EXTERNAL AFFAIRS /
(i.m. Seamus Ennis, piper & collector)
At Christmas in the cottage bearing his name
A packed crowd sways as musicians play.
The Naul village is quiet, a sky bereft of stars
Breathes webs of frost on windscreens of cars.
Awakened by the tunes he once collected
The bronze statue of the piper under the tree
Stirs himself, his stiff fingers elongated
As he lifts the chanter and pipes off his knee
And takes a cautious step across the square.
In his coat pocket a half-bottle of whiskey,
In his head the notes of thousands of airs
Still jostle and cling to life in his memory.
Songs collected in Irish clubs and building sites,
In Birmingham and Brixton, Battersea and Crewe,
White shirted men softly playing the squeeze box,
Lonely men singing about the Sweet Mountain Dew
Between shifts at the Vauxhall car plant in Luton;
Men, who once laboured with asphalt and asbestos,
Rasping out final breaths in flats in Camden Town
With the district nurse their sole weekly caller;
Men who tuned to Radio Eireann in kitchenettes
Hemmed in by foreign voices through cavity walls,
Desperate to hear a fiddle amid the static and forget
The damp odour of exile and the cross of loneliness.
The ghosts swarm to join him in the frosted square
Like they swarmed as boys to hiring fairs in Strabane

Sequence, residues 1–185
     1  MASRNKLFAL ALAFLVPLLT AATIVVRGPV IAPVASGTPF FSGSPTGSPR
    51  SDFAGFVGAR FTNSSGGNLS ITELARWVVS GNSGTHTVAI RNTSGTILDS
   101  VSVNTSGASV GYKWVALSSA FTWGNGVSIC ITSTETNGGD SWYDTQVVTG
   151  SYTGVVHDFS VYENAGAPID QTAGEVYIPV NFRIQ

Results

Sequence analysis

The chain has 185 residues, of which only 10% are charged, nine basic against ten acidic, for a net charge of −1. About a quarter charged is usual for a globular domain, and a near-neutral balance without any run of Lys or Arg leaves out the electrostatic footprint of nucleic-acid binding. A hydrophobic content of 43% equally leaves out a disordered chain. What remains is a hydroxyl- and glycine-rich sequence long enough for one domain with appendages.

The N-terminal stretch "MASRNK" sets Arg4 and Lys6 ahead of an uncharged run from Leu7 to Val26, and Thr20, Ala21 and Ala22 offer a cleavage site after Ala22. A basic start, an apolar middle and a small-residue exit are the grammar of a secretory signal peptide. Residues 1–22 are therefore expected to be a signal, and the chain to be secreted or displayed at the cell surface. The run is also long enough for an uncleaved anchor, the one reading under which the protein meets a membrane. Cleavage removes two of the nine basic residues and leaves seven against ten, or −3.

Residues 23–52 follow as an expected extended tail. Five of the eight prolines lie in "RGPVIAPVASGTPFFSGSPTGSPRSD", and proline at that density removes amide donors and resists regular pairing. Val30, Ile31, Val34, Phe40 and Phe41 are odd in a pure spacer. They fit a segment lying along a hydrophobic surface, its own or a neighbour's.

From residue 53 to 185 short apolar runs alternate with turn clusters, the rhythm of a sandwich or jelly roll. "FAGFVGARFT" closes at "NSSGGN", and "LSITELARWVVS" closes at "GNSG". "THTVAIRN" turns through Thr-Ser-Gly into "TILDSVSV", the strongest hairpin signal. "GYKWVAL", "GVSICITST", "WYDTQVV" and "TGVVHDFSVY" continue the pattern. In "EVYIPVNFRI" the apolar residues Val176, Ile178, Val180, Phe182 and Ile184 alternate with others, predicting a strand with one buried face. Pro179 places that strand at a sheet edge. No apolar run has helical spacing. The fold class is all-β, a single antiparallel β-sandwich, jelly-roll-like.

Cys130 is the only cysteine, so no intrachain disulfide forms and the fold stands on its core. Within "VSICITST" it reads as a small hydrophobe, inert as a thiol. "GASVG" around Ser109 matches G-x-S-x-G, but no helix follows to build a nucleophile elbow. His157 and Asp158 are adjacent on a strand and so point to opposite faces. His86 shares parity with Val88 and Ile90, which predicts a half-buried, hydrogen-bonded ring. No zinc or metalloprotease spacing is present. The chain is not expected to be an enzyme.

And queued on Dublin quays to board cattle boats
And waited at dawn in Kilburn for contractors in vans.
A lifetime of being herded and praying to be chosen,
Of pints and tin whistles shyly produced at gatherings.
Remember me, one of them begs the bronze figure,
You recorded me one December in Wolverhampton,
You came back to my bedsit, the only soul I ever let in.
I sang with my eyes closed amid my few possessions,
And it felt like I had only to reach out through the dark
And every face I left behind would be there to touch.
Play The Bucks of Oranmore, play The Frost is All Over,
Play for ghosts eternally condemned to be The Wild Rover.
Play for those picking mushrooms in the fields of Athenry
From Estonia and Lithuania, from Lagos and Paraguay.
Remember us, Seamus, we entrusted you with song
In Yorkshire mill towns that never felt like home.
Our legions left no footprints amid the wet cement
But you drank with us and gave our songs worth
In bothies on farms in Strathclyde and Arbroath.
We wander in limbo now, the forgotten remnants
Of an army recruited from hillside and tenement
To go abroad and send home a weekly remittance.
Strap on your pipes, Seamus, as each ghost flits
Around your cottage window to hear our tunes
Renewed in the young musicians’ fingers and lips.